2008 Pierre Moncuit Cuvee Brut Millesime Champagne
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Wine Critic Reviews for 2008 Pierre Moncuit Cuvee Brut Millesime Champagne
The 2008 Brut Blanc de Blancs Grand Cru is a fabulous wine from this great Champagne vintage. Given the extended time on the lees (more than ten years) the 2008 shows quite a bit of complexity that has developed in bottle. Baked apple tart, spice, apricot, orange peel, spice, hazelnut and coffee are some of the many aromas and flavors that shape this wonderfully complex Champagne from Moncuit. The 2008 is in an ideal place for drinking now, as it offers a great deal of complexity. Dosage is 7 grams per liter. Disgorged November 2020.
Vinous Media | 94 VM
Vinous Media | 94 VM
Wine Details on 2008 Pierre Moncuit Cuvee Brut Millesime Champagne
|Producer||Pierre Moncuit: When Alex Moncuit acquired a few acres in the celebrated region of Champagne, France and began growing vines, he unwittingly wrote the first page of a beautiful family history. This acquisition, which occurred in 1889, would fortuitously thrust the Moncuit family into the world of luxury winemaking. The intimate tradition of cultivating this historic and beloved land remains a family affair to this day. More than a century later a label carrying his family name has become a jewel in the crown of the Cotes des Blancs, serving as a reminder of such a fateful occurrence in the Moncuit family history. |
The Moncuit legacy began in the Grand Cru vineyards of Mesnil-sur-Oger, in the heart of the highly esteemed Cote des Blancs. The slope of Cote des Blancs spans 12 miles of chalk-rich soils and is home to the magnificent Chardonnay vineyards of Champagne. The Magic of Cote des Blancs is the symbiosis between the noble Chardonnay grape and the region’s exceptional terroir. The vineyards of Le Mesnil-sur-Oger are classified as 100% Grand Cru, with the quality of the vineyards coming from the fact that they are east-facing with a terroir comprised of topsoil over a base layer of chalk, with excellent hydric qualities thus allowing the chardonnay grapes to reach their full potential. The chalk soil was once ancient seabed and now contains millions of small, fossilized creatures. The minerality and salinity it imparts on Chardonnay translates into crisp, tight, well-balanced Champagnes with a pure and elegant aromatic intensity.
With Champagne being the coolest vine growing region in France, the Cote des Blancs sees bitterly cold winters and mild summers. Chardonnay generally loves such cool climate conditions but these vineyards excel particularly well thanks to the chalk-heavy subsoil and the east-facing vines that capture ample warmth from the morning sun. The white skin and flesh of the Chardonnay grape is the reason why the appellation is known as the “Blanc de Blancs” (white of whites) and is the exclusive varietal planted here.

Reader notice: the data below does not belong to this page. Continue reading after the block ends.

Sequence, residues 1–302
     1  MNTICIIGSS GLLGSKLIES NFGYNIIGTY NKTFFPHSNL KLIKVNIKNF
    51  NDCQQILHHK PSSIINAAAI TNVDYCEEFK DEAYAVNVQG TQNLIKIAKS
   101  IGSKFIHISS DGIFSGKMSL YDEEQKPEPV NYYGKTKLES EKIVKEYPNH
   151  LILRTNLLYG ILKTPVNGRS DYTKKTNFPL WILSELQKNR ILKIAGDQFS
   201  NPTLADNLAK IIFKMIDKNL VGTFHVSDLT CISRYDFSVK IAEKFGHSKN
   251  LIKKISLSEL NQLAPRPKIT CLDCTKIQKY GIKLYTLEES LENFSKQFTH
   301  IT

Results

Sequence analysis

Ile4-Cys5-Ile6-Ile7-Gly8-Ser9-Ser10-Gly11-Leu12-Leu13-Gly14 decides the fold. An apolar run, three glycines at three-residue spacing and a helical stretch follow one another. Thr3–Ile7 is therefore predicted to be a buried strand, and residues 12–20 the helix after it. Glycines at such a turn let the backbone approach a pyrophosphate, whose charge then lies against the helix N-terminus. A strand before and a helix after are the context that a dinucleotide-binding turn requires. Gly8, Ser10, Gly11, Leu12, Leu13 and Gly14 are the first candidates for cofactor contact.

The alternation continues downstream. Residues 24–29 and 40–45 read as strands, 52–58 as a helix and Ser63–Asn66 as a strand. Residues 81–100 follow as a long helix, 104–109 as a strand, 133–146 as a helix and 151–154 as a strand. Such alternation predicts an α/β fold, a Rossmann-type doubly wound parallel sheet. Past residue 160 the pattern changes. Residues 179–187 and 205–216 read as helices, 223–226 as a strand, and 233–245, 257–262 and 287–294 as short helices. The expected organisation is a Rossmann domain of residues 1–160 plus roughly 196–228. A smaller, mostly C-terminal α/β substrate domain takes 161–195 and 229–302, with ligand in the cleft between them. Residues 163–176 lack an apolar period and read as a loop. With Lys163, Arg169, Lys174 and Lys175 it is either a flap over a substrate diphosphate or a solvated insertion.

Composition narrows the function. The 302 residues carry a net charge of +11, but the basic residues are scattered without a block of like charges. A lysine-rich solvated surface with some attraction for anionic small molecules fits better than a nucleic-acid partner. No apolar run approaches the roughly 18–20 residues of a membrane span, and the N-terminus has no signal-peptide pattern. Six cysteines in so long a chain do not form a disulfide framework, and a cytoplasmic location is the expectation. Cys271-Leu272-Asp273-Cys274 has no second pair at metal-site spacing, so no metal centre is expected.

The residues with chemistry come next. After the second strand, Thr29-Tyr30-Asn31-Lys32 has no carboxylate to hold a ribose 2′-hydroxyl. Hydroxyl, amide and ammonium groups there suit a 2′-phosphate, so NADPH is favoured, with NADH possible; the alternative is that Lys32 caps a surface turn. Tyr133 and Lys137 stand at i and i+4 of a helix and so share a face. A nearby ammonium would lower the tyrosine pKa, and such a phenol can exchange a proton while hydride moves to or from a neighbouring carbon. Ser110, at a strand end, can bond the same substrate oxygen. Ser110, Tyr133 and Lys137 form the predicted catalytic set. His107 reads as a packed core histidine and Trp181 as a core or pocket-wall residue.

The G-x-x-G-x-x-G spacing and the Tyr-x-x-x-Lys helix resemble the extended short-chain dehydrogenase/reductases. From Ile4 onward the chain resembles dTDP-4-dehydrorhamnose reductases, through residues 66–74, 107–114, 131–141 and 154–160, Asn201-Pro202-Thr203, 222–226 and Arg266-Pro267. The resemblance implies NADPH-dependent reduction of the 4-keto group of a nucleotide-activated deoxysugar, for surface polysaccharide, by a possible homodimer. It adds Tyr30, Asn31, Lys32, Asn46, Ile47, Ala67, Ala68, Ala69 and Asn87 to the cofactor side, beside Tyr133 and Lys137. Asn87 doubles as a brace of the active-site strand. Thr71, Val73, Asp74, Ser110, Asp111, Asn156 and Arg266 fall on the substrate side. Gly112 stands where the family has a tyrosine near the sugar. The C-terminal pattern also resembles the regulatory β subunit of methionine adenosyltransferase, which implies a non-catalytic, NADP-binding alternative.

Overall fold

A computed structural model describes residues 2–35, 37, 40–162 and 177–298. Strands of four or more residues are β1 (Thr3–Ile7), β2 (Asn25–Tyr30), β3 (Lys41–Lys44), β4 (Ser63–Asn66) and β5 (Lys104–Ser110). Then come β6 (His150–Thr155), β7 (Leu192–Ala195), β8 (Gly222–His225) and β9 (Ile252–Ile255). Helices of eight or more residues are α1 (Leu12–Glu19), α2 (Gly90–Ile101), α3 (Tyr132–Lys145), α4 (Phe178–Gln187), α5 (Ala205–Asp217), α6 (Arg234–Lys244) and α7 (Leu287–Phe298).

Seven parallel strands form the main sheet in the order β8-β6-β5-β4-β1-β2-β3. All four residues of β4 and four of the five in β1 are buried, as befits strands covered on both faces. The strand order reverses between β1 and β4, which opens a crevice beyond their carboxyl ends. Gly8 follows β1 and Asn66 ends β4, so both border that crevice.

In 1928, Alex’s son, Pierre Moncuit, convinced by the pedigree of his terroir, decided to make his own wines and commercialize them under his own name. His wife, Odile Moncuit-Delos assisted him on the commercial part of the reception of customers. The Cuvee Pierre Moncuit-Delos pays tribute to him and his incredible foresight. Nicole, Pierre’s daughter joined the estate in 1977, quickly becoming passionate about growing vines and winemaking. In 1980, Yves joins his sister in the adventure and takes over the marketing. In 1982, due to health problems, Pierre left Nicole the complete management and that same year she signed her first vintage. A vintage that was immediately praised by critics as it won a gold medal in an international contest. This honor along with Yves’ marketing efforts, enabled the commercialization of the Champagne house in France and abroad. In 2007, Nicole’s daughter, Valerie joined the family business and Pierre Moncuit began to expand the horizons of an already legendary and authentic Champagne house.
Moncuit uses only one year of harvest for non-vintage wines when the weather conditions have been favorable throughout the year. Despite there being no rule in the matter, only tasting determines the moment of glory of a vintage. When it comes to ageing, the house refuses any rush. It is the time of the wine that prevails, each year dictating its law. Moncuit, in the interest of respecting its land, has naturally adopted for many years a sustainable mode of viticulture and in being certified HVE (High Environmental Value). Each step in the production of wines is carried out with the utmost respect for the Champagne tradition, with a single leitmotif: optimal quality. Each harvest is a rigorous selection of grapes is conducted, continuing a careful and respectful process all the way up to the bottling of wine; each step is considered crucial.
The rigor that the Moncuits impose on themselves at all levels paradoxically leaves the aromas to express themselves offering a fair interpretation of the terroir. Nicole and Valerie are committed to producing wines that show their passion for their profession, their desire to sublimate the land of their ancestors. The house has developed an ultra-modern winery built with the sole aim of respecting tradition and terroir and producing the wine most in line with Nicole and Valerie’s initial idea, allowing each plot to be worked individually until the time of bottling; an important asset and one which distinguishes their unique efforts in the region.